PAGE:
WELL done Julie Hepburn! No, I’m not referring to her outstanding runner-up result in the SNP deputy leadership contest, but to her article in Saturday’s National (Don’t forget we need to win over Tory voters to independence, July 7). Tory voters shouldn’t be ignored, and we’ve got lots of them here in the north-east, quite a few of whom have previously voted SNP.

The north-east is a dynamic, business-focussed part of Scotland that for a variety of reasons has always tended to gang its ain gait. It’s surprisingly diverse too, with not just North Sea oil and gas, farming and fishing, but also a strong industrial and manufacturing legacy, and a surprisingly cosmopolitan population.

Over the past 50 years we’ve had lots of new blood come in, adding not just to our cultural diversity but also to our skills and knowledge base. Historically, except for the former Labour bastion of Aberdeen North, the Tories dominated the area until the SNP started to break through, and the LibDems won Gordon.

What marked the SNP’s recent decline here was probably its change of leadership, and the subsequent loss of Alex Salmond’s influence in government as a champion of the north-east. Add to that doubts about future infrastructure spending, especially the vital faster rail link to the south, and folk sometimes think we are now the “forgotten corner”.

Much of what the current Tory government is doing is odious, and their perpetual fudge on Brexit is severely damaging our economy, with even worse in prospect. Their representatives here, amazingly, appear to want a hard Brexit. So, from a north-east perspective, it’s time for a second referendum not indyref2 but on Europe.

We’ve seen enough Tory and Labour ineptitude. It’s time for some bold and decisive leadership from Nicola Sturgeon in support of a second UK referendum on Brexit alternatives. A second referendum on reclaiming our hijacked Scottish sovereignty can follow, but Scotland’s place is in Europe and maintaining that has to be the top priority.

Bryan Stuart
Insch, Aberdeenshire

JULIE Hepburn is spot on, in contrast to the nonsense espoused in Wee Ginger Dug’s piece earlier in the week about what being Scottish means. It has been established ad nauseam that the range of Scottish views is little different from people in other Western democracies when it comes to matters like immigration, inequality, paying more tax etc. This is not changed by the modern liberal elite decrying conservative views on these issues as merely “populist” (was there ever a more arrogant dismissal of what people – dare I say real people – think than that term?) A sense of nationhood is a subtle matter, clearly beyond canine understanding, which has nothing at all to do with subscribing to some imagined Magna Carta of sound left-wing doctrines.

Where I differ from Julie is in her concession that after independence Scots might still feel “British”. British perhaps meant something in the 19th century, but five minutes of chat with an ordinary English person should convince any Scot that nowadays Britain is merely an alternate for England in the English mind – they assume they are the British.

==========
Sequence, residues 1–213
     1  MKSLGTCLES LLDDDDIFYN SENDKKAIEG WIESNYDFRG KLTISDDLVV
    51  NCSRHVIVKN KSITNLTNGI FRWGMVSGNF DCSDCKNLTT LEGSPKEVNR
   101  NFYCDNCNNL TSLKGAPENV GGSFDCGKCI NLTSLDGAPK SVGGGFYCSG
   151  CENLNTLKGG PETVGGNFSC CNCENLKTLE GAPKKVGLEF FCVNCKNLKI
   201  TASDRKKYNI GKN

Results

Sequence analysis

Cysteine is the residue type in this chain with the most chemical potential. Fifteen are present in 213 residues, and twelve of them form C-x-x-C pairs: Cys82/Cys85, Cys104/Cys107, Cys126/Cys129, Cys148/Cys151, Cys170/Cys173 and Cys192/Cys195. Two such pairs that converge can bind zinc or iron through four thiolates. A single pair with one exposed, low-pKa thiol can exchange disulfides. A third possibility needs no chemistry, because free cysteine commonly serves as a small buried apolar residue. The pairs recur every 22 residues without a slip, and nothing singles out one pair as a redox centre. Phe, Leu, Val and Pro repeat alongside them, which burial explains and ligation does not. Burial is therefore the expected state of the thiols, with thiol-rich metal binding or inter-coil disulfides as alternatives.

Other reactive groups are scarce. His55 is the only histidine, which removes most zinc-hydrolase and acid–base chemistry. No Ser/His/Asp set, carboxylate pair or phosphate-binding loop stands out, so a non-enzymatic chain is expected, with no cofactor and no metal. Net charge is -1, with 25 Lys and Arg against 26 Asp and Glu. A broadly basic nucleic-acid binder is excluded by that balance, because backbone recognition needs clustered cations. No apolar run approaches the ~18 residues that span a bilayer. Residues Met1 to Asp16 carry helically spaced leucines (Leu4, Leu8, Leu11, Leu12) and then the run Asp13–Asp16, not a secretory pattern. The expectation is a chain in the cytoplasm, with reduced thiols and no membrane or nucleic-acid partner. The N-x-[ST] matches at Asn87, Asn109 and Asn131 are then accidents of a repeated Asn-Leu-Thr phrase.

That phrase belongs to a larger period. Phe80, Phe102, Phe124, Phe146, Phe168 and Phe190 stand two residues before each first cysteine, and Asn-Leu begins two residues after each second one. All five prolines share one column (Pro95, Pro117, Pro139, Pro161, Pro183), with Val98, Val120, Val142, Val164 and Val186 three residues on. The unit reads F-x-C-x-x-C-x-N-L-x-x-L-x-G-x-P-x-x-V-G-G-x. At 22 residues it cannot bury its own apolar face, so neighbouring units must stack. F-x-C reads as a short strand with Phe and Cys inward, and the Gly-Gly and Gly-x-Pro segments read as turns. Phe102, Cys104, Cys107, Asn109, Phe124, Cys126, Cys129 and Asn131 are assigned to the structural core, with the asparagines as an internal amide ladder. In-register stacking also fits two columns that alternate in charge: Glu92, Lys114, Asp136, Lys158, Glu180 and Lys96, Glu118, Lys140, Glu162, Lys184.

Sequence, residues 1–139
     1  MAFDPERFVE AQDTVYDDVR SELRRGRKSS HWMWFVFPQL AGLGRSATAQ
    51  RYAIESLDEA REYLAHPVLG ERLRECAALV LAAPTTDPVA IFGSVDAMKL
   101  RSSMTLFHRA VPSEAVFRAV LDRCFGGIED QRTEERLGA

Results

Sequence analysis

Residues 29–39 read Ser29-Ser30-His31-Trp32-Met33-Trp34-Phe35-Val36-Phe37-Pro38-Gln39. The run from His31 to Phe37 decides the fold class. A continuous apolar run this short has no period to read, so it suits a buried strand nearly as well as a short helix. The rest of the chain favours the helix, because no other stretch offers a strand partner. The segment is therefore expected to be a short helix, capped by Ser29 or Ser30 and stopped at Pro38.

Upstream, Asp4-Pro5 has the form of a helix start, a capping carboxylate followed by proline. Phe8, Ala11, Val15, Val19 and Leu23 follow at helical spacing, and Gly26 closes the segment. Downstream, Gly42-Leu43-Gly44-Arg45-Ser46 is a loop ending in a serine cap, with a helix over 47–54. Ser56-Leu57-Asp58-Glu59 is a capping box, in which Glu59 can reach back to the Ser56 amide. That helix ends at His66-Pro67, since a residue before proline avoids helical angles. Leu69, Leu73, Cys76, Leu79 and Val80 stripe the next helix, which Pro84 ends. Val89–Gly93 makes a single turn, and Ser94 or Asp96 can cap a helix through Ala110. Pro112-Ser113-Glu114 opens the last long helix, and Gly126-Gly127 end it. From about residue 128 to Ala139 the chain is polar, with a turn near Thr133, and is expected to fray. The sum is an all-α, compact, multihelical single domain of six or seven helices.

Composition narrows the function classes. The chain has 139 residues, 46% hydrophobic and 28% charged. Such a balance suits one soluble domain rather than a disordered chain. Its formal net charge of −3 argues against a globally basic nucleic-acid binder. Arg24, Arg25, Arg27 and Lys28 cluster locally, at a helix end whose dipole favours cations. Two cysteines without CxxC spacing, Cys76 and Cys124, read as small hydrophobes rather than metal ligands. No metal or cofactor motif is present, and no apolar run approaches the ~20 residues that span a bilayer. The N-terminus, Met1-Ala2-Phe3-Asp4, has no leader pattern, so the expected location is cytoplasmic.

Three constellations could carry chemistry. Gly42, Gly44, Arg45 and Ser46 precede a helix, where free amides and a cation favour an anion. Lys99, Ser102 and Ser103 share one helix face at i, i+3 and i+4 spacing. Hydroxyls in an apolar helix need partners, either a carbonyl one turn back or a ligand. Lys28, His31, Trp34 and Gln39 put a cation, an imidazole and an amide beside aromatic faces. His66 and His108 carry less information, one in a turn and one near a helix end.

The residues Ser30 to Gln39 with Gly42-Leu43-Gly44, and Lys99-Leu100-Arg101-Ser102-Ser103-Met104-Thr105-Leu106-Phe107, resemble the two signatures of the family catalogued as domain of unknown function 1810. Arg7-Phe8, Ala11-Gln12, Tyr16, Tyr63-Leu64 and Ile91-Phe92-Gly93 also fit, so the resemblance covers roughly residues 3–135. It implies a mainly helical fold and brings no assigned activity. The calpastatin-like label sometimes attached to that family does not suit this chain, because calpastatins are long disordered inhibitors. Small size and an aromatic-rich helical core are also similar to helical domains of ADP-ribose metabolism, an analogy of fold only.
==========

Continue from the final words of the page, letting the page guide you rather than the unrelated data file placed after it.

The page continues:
They may express affection for Scotland but there is often little respect, coupled with encyclopaedic ignorance of our history and achievements; and the “equal partners” notion will get as big a laugh from them as it did during the Scottish independence campaign.

If independence is not about rescuing Scotland from its slide into being a mere cultural and political appendage of England then I am not sure what the point is. After independence some thought will have to be given to how to de-Anglicise the nation in many areas, reversing the impact of the British Brainwashing Corporation over so many years.

Alan Oliver
Brightons, Falkirk

IN 1998 a number of interesting events occurred. The Scotland Act determined that in the event of matters reserved to Brussels being subsequently repatriated, responsibility for their future management would revert directly to the devolved assemblies or governments of the UK. It is certain that in 1998 no EU In/Out referendum was contemplated and it was assumed the terms of the act would need no activation.

Secondly, the then Labour government under Mr Blair engineered the transfer of coastal waters between St Andrews and Berwick, from Scottish jurisdiction to that of the UK, effectively achieving that those areas would therefore become “English” under the control of Westminster.

It cannot be argued successfully that a country which does not have responsibility for its own economic affairs, its legislature and its judiciary will achieve its full potential of success across the board, on behalf of the population who elected it. To the foregoing could be added immigration.

Is it not part of the remit of the Secretary of State for Scotland to function in the best interests of Scotland as a whole? How then does our man propose to apply himself to achieve those best interests in relation particularly to the foregoing occurrences?

They are after all matters now in high relief resulting from June 2016, especially those concerning agriculture and fisheries, which have both been handled by Westminster in a manner contrary to the stated intention and principles of our Secretary of State.

It is in reality, based on his record, likely that he will do absolutely nothing approaching defending the rights of Scotland, his sole interest being to follow his servile loyalty to Westminster and await his reward of ermine.

Also in reality, if his office were to be abandoned tomorrow we in Scotland would be no worse off – yet a further example of the uselessness of the Westminster system. No matter of legislation nor amendment raised by our truly Scottish MPs, excluding the 12 Conservative pretenders, has had the support of our Secretary of State. Calling time on the system is long overdue!

J Hamilton